Bristol Bay salmon broke all records this summer.
The largest recorded run of sockeye salmon–an amazing 62.3 million–returned to Bristol Bay in 2018.
This brought a collective sigh of relief to the people of the region where I call home.
Many of my neighbors rely on salmon for their livelihoods, food and culture. I fill my freezer every year, too.
I want to make sure we have salmon in the years to come–and so does Trustees for Alaska.
Todd Radenbaugh with students in the field. Protecting salmon is more than his work. “It’s about my home.”
Trustees for Alaska is a homegrown public interest law firm that has used the law to protect our waters, lands and communities since 1974.
I joined the Board of Directors of Trustees a few years ago because I know Trustees has a proven track record and will protect what I love about my home state.
From one Alaskan to another, let me say, “Our salmon need you.”
With that support, Trustees can continue to provide free legal services to clients who otherwise could not access or afford attorneys.
Because of supporters like you, Trustees for Alaska successfully argued before the Alaska Supreme Court for the constitutional right of Alaskans to have a say in how salmon habitat is protected.
That legal win allowed the Stand for Salmon initiative to appear on the ballot as Ballot Measure 1 on Nov. 6. (Early voting begins Oct. 22!)
Sockeye salmon feeds Alaskans throughout the state. Photo by Carl Johnson
Voting Yes on 1 will protect salmon habitat by providing a reasonable, fair, science-based update to a law that has not been changed since statehood.
I know from my work as an associate professor of Environmental Science at The University of Alaska Bristol Bay Campus, where I specialize in research on estuaries, that a science-based and data-driven approach to permitting will protect salmon habitat now and in the future.
If passed, Ballot Measure 1 will create a permitting system backed by science and agency experts, not politics.
- Ballot Measure 1 creates standards for protecting salmon habitat and a permitting structure that would require more scrutiny based on the amount of harm done to fish habitat.
- Ballot Measure 1 gives Alaskans a voice for the first time by requiring a public process before the Alaska Department of Fish and Game issues fish habitat permits.
- Ballot Measure 1 holds industry accountable by preventing harm and mitigating harm done to salmon habitat.
- Ballot Measure 1 protects all salmon habitat, not just the streams and rivers that have made it onto a list.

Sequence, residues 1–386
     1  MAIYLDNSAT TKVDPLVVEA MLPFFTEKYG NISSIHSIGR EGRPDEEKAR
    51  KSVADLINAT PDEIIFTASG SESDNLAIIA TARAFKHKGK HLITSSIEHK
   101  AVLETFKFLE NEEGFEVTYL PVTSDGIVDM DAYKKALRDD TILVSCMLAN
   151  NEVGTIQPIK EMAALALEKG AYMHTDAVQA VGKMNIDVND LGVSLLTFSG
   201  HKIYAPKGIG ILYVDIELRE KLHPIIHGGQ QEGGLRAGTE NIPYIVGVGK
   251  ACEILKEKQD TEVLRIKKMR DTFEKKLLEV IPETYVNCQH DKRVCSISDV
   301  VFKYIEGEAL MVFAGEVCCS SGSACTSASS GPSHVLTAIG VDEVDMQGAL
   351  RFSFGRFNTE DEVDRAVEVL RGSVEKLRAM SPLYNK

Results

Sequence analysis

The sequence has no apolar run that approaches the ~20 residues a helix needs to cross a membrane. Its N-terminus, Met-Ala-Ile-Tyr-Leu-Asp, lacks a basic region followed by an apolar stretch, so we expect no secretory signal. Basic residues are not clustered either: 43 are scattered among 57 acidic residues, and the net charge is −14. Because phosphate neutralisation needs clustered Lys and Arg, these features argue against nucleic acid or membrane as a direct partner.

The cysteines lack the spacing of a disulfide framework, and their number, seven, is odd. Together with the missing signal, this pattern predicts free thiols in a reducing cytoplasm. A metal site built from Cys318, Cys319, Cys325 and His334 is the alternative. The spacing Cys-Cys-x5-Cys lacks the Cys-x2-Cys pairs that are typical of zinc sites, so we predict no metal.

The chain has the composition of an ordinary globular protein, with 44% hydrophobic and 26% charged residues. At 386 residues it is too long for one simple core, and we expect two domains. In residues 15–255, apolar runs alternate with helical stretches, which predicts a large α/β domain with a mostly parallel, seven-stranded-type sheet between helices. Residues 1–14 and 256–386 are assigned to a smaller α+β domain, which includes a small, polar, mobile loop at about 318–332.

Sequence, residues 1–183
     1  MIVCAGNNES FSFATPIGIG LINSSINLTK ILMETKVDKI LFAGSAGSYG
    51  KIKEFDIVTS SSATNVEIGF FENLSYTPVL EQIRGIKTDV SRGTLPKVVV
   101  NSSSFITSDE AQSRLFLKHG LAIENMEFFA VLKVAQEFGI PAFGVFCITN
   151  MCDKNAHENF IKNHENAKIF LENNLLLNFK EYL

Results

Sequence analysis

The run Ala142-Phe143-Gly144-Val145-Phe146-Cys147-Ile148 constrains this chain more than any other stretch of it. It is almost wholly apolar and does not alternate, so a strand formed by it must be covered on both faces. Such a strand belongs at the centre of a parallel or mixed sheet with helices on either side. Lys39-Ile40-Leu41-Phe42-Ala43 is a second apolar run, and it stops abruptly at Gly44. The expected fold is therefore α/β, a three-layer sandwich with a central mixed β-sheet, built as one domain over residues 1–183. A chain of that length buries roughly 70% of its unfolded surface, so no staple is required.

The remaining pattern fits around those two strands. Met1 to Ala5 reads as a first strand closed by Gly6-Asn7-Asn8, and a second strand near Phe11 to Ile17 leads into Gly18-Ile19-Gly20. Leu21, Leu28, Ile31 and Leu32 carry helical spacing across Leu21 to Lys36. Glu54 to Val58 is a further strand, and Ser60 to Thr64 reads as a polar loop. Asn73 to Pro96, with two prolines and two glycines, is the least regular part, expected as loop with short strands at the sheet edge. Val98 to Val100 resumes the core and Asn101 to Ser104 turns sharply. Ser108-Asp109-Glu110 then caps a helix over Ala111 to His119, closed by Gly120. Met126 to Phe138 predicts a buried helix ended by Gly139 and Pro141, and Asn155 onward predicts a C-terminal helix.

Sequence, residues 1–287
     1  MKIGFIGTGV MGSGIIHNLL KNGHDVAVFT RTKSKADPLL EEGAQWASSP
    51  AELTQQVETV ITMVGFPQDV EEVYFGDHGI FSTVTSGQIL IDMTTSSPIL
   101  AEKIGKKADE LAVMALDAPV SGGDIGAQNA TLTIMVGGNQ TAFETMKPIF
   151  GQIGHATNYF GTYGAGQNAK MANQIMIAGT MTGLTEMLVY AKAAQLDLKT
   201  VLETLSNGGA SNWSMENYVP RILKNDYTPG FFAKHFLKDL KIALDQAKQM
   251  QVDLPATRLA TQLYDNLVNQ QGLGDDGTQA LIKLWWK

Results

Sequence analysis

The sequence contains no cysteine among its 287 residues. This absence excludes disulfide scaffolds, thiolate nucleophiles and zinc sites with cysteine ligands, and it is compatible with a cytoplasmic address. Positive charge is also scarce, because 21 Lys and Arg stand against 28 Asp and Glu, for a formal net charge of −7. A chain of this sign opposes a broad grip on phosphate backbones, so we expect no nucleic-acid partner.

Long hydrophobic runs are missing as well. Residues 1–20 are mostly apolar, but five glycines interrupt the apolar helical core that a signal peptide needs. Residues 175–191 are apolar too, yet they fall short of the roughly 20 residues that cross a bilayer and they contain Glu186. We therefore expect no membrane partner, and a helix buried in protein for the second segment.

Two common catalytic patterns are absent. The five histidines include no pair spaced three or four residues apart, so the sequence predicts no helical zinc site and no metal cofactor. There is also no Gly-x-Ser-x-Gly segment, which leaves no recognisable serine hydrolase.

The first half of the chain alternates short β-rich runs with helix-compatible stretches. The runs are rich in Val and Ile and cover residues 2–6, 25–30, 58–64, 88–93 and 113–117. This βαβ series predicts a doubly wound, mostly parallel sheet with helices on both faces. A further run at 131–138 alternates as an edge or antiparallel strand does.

A Yes vote on 1 really does stand for salmon.
There’s a lot of misinformation swimming around lately about the Stand for Salmon Ballot Measure.
Industry would have you believe that “ocean problems are causing declining salmon runs.”
Oceans are not the problem. Inaction is the problem.
Alaskans have been asking legislators to upgrade and strengthen the law protecting fish habitat for years. Those requests, even from the Board of Fish, fell on deaf ears.
The legislature’s refusal to do anything left Alaskans with only one option to change the law. Trustees for Alaska worked hand-in-hand with clients to help draft initiative language and fight in court so that Alaskan voters can pass the law they want.
Tens of thousands of Alaskans rely on salmon for their livelihoods. Photo by Carl Johnson.
Trustees does this work free-of-charge to clients, but it isn’t free-of-cost. The $75,000 matching gift comes at an important time and provides an important opportunity to double the power of your donation.
Salmon need your protection, and Trustees plays a pivotal role in making sure it happens.
Bristol Bay had a stellar year in 2018, but many fisheries across the state did not. Many regions closed fisheries because of dismal runs.
Putting protections in place now means saving salmon for generations to come.
The work that Trustees does is about making sure Alaskans have a say about what happens in their communities.
With Ballot Measure 1, it’s about wild salmon. It’s about the 32,000 Alaska jobs and the $2-billion industry salmon supports.
It’s about Alaskans catching and caching wild salmon, and sharing that fish with their family and friends.
It’s about my home.
Please Vote Yes on 1 by November 6, and donate to the lawyers who Stand for Salmon.
Todd A. Radenbaugh, PhD
Trustees for Alaska’s EIN #92-6010379